Bryan Cranston nearly turned down ‘Breaking Bad’ role due to ‘Malcolm In The Middle’

"A career in our business cannot be fully realised without a healthy dose of luck sprinkled throughout"

Bryan Cranston has admitted that he almost turned down his iconic role as Walter White in Breaking Bad due to commitments with Malcolm In The Middle.

Cranston played Hal in the sitcom, which ran for seven seasons between 2000 and 2006, with Breaking Bad beginning in 2008.

In a new interview on the Smartless podcast with Jason Bateman, Will Arnett and Sean Hayes, Cranston revealed that an eighth season of Malcolm… was in the works, and if it was green-lit, would have prevented him from shooting the Breaking Bad pilot.

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“[In 2006] Fox said, ‘Keep the sets up. We might do an eighth season of Malcolm In The Middle‘,” Cranston said. “And everyone was like, ‘Yeahhh that’d be great.’

“In late April and early May, they called, when the upfronts are going on, they said, ‘Nope, we had a very good pilot season. Thank you guys, you did well. You’re on your own.’ So we thought, ‘Ahh, that’s too bad.’

“Later that month, I get the call to go see a guy called Vince Gilligan. ‘Do you remember him from X-Files?’ ‘Kinda.’ ‘He wants to see you about a new project called Breaking Bad.’

He added: “I read it and I thought, ‘Oh my god this is amazing.’ I met with him. He said, ‘I want to turn Mr. Chips into Scarface and I think you’re the guy to do it.’ We shot the [Breaking Bad] pilot in February and March of 2007.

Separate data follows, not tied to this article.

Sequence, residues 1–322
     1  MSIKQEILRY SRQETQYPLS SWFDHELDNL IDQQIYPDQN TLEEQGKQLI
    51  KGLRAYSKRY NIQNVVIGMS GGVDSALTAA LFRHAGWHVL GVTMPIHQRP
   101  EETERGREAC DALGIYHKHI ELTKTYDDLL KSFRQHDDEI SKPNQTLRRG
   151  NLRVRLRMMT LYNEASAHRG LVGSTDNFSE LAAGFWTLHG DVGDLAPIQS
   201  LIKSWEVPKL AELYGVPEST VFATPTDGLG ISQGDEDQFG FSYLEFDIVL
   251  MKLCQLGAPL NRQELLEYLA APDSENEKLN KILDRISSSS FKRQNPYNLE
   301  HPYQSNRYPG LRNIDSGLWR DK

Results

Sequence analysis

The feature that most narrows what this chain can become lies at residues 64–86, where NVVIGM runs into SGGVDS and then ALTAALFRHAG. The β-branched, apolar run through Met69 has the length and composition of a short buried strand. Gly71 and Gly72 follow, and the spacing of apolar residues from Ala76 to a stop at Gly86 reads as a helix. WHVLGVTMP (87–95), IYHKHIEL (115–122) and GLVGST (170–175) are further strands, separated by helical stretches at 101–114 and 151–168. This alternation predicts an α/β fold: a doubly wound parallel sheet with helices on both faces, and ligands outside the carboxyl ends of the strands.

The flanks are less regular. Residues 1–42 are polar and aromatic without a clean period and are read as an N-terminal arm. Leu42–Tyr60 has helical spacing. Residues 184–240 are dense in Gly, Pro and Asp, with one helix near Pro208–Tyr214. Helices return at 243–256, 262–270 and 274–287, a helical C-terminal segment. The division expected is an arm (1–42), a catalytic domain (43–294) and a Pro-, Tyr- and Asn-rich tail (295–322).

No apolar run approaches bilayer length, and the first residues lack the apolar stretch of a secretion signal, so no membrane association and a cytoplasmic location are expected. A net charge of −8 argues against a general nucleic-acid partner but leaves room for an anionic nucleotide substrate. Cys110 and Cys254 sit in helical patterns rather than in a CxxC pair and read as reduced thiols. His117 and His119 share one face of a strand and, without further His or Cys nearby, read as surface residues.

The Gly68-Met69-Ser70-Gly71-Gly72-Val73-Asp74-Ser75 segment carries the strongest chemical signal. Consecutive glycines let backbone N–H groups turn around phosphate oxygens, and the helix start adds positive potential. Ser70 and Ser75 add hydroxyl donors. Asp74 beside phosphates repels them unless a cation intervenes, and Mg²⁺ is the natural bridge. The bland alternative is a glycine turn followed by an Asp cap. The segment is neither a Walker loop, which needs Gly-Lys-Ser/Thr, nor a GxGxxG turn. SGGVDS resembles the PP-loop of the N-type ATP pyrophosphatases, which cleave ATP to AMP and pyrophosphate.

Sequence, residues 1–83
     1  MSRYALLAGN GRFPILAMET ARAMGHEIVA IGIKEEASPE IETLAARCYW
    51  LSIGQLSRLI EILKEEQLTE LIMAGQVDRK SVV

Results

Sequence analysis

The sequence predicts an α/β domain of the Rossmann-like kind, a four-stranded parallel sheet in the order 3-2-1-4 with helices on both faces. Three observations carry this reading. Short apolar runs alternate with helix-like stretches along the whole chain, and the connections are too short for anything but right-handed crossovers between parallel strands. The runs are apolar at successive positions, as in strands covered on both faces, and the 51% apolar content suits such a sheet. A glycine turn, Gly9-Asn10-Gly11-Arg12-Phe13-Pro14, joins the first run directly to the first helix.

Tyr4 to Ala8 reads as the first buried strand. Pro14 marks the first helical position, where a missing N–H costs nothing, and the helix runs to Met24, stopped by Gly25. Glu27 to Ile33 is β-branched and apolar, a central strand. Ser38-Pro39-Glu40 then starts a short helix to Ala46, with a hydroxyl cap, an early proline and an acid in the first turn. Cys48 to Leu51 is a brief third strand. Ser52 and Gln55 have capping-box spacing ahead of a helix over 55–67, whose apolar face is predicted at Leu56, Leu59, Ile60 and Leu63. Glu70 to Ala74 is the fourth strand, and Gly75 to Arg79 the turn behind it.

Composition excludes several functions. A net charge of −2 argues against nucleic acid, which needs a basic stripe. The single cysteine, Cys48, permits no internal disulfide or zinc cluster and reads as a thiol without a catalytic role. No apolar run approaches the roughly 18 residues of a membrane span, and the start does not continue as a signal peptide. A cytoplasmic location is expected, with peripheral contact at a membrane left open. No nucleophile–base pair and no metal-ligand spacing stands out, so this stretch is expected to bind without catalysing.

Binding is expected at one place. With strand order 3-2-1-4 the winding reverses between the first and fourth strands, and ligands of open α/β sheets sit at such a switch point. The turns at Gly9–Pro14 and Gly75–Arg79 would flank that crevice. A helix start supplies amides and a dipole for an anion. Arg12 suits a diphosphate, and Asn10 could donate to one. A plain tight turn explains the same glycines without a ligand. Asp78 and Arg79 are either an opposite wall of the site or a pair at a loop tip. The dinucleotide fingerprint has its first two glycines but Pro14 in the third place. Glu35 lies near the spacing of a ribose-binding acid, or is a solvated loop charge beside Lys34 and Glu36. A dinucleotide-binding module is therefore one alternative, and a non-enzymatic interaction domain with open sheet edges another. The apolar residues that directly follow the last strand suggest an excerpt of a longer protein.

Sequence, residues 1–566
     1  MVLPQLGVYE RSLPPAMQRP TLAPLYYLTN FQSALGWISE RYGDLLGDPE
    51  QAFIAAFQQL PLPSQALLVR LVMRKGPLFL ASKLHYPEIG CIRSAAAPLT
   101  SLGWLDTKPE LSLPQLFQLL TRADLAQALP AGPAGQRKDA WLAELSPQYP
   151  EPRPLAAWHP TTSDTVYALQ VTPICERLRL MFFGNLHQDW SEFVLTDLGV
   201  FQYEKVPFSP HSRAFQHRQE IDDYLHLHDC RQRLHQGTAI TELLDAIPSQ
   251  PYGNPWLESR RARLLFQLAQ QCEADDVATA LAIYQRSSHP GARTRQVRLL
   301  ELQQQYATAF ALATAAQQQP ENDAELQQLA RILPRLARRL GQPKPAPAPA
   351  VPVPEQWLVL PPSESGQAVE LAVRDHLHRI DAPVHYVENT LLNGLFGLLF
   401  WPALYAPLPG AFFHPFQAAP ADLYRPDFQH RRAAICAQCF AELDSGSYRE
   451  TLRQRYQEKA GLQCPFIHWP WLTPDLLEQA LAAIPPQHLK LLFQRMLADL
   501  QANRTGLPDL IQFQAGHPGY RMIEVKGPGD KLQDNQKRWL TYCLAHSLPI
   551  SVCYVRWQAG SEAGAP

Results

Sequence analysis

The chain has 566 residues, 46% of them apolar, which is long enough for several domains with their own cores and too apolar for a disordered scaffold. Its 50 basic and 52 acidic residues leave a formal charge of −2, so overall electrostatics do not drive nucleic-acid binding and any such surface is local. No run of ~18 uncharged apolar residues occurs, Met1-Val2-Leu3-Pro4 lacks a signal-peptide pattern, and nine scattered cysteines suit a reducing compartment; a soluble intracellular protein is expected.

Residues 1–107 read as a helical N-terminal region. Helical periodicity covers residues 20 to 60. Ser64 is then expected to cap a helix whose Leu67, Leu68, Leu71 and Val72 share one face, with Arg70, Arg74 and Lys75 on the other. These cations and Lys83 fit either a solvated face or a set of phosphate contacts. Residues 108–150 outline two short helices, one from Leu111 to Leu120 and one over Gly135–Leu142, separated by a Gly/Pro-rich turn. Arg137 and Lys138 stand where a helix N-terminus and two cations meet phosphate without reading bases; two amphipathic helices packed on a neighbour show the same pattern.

“So had we got that eighth season of Malcolm In The Middle, I would not have been available to shoot that pilot and someone else would be talking to you.

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“It is absolutely my belief, I dogmatically believe this, that a career in our business cannot be fully realised without a healthy dose of luck sprinkled throughout.”

Breaking Bad ended in 2013 after five seasons. In a recent interview, Cranston said he believed the show had a “perfect” ending.

“I was content with the end of Breaking Bad,” he told The Hollywood Reporter. “I thought it was the perfect ending. I know I’m biased, but I don’t recall seeing the ending of a show that was so well-constructed, satisfying and legitimate. Everything just seemed to fall into place so extraordinarily well.”

Last year, the show returned for a one-off Netflix special – not featuring Cranston – titled El Camino: A Breaking Bad Story. A two-star NME review of the film said: “After five seasons of drama and trauma, the film no one asked for adds a post-credits scene to an already perfect finale.

“If you’re thinking of making a sequel, a spin-off, an aftermath or whatever else it is – if it ain’t broke, please do not try and fix it.”

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